Human trafficking cases joined
When Loc Bao Tran, 32, appears for his pretrial conference at the Ward County Courthouse in Minot on Wednesday it will be under different circumstances than previous appearances.
A ruling dated June 4 by North Central Judicial District Presiding Judge William McLees joined Tran’s Class A felony human trafficking case with the case of Trina Phuong Nguyen, 32, who is charged with the same crime that stemmed from the same alleged operation.
The state alleges that Tran and Nguyen jointly operated a brothel in Minot until May 29, 2013, when the business was shut down by police. The two are believed to have employed several Vietnamese women under the pretenses of massage to actually perform sexual services, including but not limited to intercourse, to VIP clients of “The Mann’s Club.”
While the former location on Third Street Northeast, attached to a local brewpub, is currently an upscale-looking dance studio, police allege that the business appeared much differently under the control of Tran and Nguyen. Only the initials of the business, “T.M.C.,” written on a scrap of paper advertised the business to the outside world. Behind the big windows, which were plastered with paper from the inside so that people on the street couldn’t see in, were allegedly bare mattresses on the floor separated by curtains where the business took place.
Deputy Ward County State’s Attorney Kelly Dillon, the prosecutor for the now-joined case, had written a motion for joinder on March 20.
“(Rules for joinder) provides that two or more cases may be tried together if the offenses and the defendants could have been joined in a single complaint,” she wrote in her motion. “Such is the case with these files.”
Despite the objections of the attorneys for both defendants, McLees found in favor of the state’s argument.
“Nguyen argues that ‘several recorded statement (sic) sbetween (sic) her and Mr. Tran were recorded and transcribed by the FBI. If either of their statements are admitted into evidence, this would violate the Bruton rule and also the right to confront witnesses under the U.S. Consitution,” McLees wrote in his order, summarizing an argument by Nguyen’s attorney Gregory Scott Hoover, of Seattle, which used precedent set in the U.S. Supreme Court’s 1968 decision in Bruton v. United States in opposition to the motion.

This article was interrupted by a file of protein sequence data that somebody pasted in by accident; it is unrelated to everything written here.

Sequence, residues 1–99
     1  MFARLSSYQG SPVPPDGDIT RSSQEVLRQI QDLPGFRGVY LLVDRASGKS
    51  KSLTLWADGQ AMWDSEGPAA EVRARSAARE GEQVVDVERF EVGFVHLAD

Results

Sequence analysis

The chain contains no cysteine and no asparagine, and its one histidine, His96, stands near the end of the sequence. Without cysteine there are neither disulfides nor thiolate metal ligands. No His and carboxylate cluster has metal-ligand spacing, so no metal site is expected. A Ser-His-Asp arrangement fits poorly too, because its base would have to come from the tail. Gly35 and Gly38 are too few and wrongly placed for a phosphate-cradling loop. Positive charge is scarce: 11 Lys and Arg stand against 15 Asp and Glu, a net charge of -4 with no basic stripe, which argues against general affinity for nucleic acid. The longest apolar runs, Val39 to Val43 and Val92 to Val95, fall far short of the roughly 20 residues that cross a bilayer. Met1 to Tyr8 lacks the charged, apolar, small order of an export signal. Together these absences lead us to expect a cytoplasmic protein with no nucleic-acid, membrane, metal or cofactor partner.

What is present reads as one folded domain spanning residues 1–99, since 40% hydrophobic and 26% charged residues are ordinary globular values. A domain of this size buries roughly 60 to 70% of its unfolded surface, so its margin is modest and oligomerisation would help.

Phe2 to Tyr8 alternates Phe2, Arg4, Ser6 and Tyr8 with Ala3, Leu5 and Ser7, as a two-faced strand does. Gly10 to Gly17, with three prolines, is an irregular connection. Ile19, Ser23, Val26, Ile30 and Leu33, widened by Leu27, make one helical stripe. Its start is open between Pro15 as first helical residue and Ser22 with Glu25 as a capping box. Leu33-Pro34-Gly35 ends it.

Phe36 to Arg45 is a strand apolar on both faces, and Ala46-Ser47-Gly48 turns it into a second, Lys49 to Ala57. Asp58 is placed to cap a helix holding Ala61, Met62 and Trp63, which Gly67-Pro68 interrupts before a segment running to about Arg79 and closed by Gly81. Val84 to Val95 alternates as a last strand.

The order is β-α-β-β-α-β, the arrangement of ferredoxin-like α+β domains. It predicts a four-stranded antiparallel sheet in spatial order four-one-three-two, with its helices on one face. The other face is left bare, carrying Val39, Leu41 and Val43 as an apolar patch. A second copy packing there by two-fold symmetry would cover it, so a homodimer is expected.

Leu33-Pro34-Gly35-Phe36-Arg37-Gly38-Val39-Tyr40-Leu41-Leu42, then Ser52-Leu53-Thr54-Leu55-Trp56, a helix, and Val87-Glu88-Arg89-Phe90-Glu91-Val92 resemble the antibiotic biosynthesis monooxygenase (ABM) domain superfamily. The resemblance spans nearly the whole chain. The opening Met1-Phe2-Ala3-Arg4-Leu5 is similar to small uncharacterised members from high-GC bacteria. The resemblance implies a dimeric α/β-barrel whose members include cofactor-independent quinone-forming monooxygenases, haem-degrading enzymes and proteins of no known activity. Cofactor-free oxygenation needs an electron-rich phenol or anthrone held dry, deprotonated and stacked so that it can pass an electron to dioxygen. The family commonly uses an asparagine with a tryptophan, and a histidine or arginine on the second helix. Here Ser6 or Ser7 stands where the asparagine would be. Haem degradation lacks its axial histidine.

The finding in that case is that “admission at a joint trial of a nontestifying codefendant’s confession” could incriminate the other codefendent and, thus, would be in opposition to each defendant’s Sixth Amendment right to confront witnesses.
“The Court concludes Nguyen’s conclusory assertions of a Bruton violation flowing from the admission into evidence of statements made during recorded conversations between herself and Tran do not support Nguyen’s contention … that the Court should order separate trials,” McLees wrote in his order. “[A]ny such statements will not automatically be admissible in evidence. The same would be hearsay if offered against a co-defendant, and will be admissible only if such statements come within a recognized exception to the hearsay rule.”
Tran’s arguments against joinder are different than that of Nguyen’s. He asserts that Nguyen’s prior convictions for prostitution and related offenses “will be prejudicial to his cause,” summarized McLees, “creating a ‘spillover effect.'”
“It’s guilt by association,” Robert Wade Martin, Tran’s appointed attorney, had said at the May 14 hearing to argue for or against joinder.
McLees wrote that a trial must follow rules of law and that the “very same argument was rejected by the North Dakota Supreme Court in State V. Purdy … State v. Stridiron … and State v. Wamre,” which all stated that “[b]are assertions that a defendant would stand a better chance of acquittal in a separate trial or that there may be some ‘spillover effect’ from evidence against a codefendant is insufficient to compel severance.”
“In light of the forgoing analysis, and with the Court specifically finding that neither of these Defendants has met his/her burden of demonstrating prejudicial joinder, the Court will grant the state’s motion to Join for Trial,” McLees wrote in his concluding paragraph.